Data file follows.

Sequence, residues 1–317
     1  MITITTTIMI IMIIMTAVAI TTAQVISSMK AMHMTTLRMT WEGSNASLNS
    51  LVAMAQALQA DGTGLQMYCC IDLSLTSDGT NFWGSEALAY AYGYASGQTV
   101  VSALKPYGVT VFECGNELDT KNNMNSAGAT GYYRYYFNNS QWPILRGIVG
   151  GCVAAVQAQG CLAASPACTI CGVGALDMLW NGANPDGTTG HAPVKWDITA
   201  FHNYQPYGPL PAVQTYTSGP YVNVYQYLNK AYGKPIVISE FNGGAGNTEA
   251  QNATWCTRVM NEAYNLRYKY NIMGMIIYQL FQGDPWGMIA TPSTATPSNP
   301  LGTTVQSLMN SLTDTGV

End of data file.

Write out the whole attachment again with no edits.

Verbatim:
Sequence, residues 1–317
     1  MITITTTIMI IMIIMTAVAI TTAQVISSMK AMHMTTLRMT WEGSNASLNS
    51  LVAMAQALQA DGTGLQMYCC IDLSLTSDGT NFWGSEALAY AYGYASGQTV
   101  VSALKPYGVT VFECGNELDT KNNMNSAGAT GYYRYYFNNS QWPILRGIVG
   151  GCVAAVQAQG CLAASPACTI CGVGALDMLW NGANPDGTTG HAPVKWDITA
   201  FHNYQPYGPL PAVQTYTSGP YVNVYQYLNK AYGKPIVISE FNGGAGNTEA
   251  QNATWCTRVM NEAYNLRYKY NIMGMIIYQL FQGDPWGMIA TPSTATPSNP
   301  LGTTVQSLMN SLTDTGV